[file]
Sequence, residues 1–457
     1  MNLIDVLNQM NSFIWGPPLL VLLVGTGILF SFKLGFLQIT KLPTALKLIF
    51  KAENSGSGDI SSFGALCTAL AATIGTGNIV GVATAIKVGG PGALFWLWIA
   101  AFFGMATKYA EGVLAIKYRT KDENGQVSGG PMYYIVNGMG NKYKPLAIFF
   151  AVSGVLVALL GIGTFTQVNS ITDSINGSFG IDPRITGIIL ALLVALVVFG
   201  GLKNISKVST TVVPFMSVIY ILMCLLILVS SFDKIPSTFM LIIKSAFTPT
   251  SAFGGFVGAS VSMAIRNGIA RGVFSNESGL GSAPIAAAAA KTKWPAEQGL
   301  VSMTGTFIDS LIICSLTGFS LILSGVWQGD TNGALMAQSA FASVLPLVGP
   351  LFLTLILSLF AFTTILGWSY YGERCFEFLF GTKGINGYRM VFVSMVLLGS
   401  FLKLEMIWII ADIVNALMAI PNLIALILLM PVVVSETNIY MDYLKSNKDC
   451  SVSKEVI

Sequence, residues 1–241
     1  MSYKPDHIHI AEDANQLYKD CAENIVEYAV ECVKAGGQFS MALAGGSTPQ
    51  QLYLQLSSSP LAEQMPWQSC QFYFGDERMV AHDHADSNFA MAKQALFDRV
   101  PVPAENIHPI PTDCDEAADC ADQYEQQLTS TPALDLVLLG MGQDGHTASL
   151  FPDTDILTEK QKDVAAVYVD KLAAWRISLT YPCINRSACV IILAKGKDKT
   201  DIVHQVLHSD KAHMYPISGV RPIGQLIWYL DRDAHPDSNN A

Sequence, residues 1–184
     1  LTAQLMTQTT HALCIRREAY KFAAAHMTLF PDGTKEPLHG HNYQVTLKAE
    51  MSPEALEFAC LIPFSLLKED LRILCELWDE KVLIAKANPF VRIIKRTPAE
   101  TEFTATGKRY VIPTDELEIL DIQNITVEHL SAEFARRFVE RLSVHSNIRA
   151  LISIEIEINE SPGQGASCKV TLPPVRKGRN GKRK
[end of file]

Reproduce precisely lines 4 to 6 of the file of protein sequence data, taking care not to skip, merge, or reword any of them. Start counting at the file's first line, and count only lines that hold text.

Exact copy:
   101  AFFGMATKYA EGVLAIKYRT KDENGQVSGG PMYYIVNGMG NKYKPLAIFF
   151  AVSGVLVALL GIGTFTQVNS ITDSINGSFG IDPRITGIIL ALLVALVVFG
   201  GLKNISKVST TVVPFMSVIY ILMCLLILVS SFDKIPSTFM LIIKSAFTPT